Developing or Developed? A China Debate by the Numbers

Chinese worker balancing buckets of water on a pole in an urban area. Source: ChinaTravelCA's flickr photostream, used under a creative commons license.

Chinese worker balancing buckets of water in an urban area. Source: ChinaTravelCA’s flickr photostream, used under a creative commons license.

Despite China’s place as the world’s second largest economy and one of the most rapidly growing in the world, the Chinese government still classifies itself as a developing country. Being known as a “developing country” serves to China’s advantage, as becoming a part of the developed world comes with a host of expectations and responsibilities. A developing country, as defined by the World Bank, is “one in which the majority lives on far less money—with far fewer basic public services—than the population in highly industrialized countries.” Though the World Bank stands by the determination that China is still a developing country, the vagueness of this definition allows for argument. In the debate on whether China is developed or developing, the statistics speak for themselves.

Statistics and chart compiled by Sabrina Devereaux, Freeman Chair in China Studies at CSIS from the following sources: WorldBank, CIA World Factbook, Huffington Post Canada, National Bureau of Statistics of the PRC, U.S. EIA, Pew Research Global Attitudes Project, Starbucks Investor Relations, and AgrifoodAsia.

Statistics and chart compiled by Sabrina Devereaux, Freeman Chair in China Studies at CSIS, from the following sources: World Bank – World DataBank, CIA World Factbook, Huffington Post Canada, World Bank – World Development Indicators, National Bureau of Statistics of the PRC, U.S. Energy Information Administration, Pew Research Global Attitudes Project, Starbucks Investor Relations, and AgrifoodAsia.

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9 comments for “Developing or Developed? A China Debate by the Numbers

  1. GJ
    August 19, 2014 at 15:28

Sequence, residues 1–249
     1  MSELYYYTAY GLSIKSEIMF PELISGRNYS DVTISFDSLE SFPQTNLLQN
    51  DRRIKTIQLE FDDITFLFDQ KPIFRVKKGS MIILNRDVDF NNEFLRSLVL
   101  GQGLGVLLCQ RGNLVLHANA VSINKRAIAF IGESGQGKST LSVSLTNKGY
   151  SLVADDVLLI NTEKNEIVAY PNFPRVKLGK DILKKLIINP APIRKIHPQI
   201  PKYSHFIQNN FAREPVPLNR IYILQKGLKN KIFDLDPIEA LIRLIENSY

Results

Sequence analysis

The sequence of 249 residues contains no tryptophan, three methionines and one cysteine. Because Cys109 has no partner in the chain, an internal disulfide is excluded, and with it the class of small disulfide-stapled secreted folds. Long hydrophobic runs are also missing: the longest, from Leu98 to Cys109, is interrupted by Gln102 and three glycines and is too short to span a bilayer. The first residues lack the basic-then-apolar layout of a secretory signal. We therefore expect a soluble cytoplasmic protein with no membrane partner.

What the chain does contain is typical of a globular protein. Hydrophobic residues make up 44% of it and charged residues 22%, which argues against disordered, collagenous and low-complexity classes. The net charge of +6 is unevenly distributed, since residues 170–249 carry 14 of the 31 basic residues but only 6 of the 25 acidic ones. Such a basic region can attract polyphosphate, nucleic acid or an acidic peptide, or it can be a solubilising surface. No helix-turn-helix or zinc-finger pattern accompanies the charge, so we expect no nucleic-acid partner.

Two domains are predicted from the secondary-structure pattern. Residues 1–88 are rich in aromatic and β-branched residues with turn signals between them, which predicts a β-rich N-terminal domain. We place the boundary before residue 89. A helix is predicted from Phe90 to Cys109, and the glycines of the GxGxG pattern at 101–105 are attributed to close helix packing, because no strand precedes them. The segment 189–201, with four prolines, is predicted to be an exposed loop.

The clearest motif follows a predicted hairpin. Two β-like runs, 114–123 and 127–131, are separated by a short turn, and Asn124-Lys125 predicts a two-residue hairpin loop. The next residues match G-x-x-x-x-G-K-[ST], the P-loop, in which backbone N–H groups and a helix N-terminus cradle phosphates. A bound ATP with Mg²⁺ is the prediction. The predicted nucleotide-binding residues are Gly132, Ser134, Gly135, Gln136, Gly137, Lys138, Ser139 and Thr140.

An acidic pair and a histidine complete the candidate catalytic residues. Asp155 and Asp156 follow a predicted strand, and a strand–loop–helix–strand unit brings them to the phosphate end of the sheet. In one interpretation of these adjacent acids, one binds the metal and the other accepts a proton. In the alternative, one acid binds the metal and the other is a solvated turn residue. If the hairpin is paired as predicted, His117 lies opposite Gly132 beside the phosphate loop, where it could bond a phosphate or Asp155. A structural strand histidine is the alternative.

I am confused by the reference to public transportation vehicles per 10,000 citizens. Is that number high or low? Which one are you saying is representative of a developing country?

  2. shravan
    February 21, 2015 at 22:28

    superb information

  3. edu
    May 7, 2015 at 14:46

    Despite a large amount of Chinese are under the poverty line, the country have an impressive industry in the fields of manufacture and technology, by far superior to most developed countries. For me this is a key point to already consider China as a developed country.

    • tuk
      December 16, 2015 at 00:17

      I agree with you that China has been a developped country in terms of her superior public infrastructure. I have been there three times. Before landing China during my first visit to China, i had had an old imagination that china was poor in every thing, but when I really landed China for the first time, china’s superior grandeur was a big surprise to me. Super luxurious hotels, with automatic toilets, underground electrical cables, high speed trains which are very luxurious and hygiene. Every country including USA has poor people living below proverty line. but the important thing is that a developped country should have excellent public infrastructure (quick transportation)

    • peter Tempestoso
      February 19, 2016 at 03:04

      I agree china is a developed country. In my opinion, its like Britain in the 1930s developed but the standard of living of millions of isn’t quite up to standard, when they do get there the usa will be second fiddle, its a question of time, its a type of semi-status.

  4. zheng
    November 25, 2015 at 22:16

    china will never become developed. too inferior to japan or america.

    • thai people
      December 16, 2015 at 00:20

      you never go to china yourself. japan is better than USA. many parts in china have become better than USA.

  5. Chendende
    February 7, 2016 at 03:20

    China has equalised in many areas with the developed world

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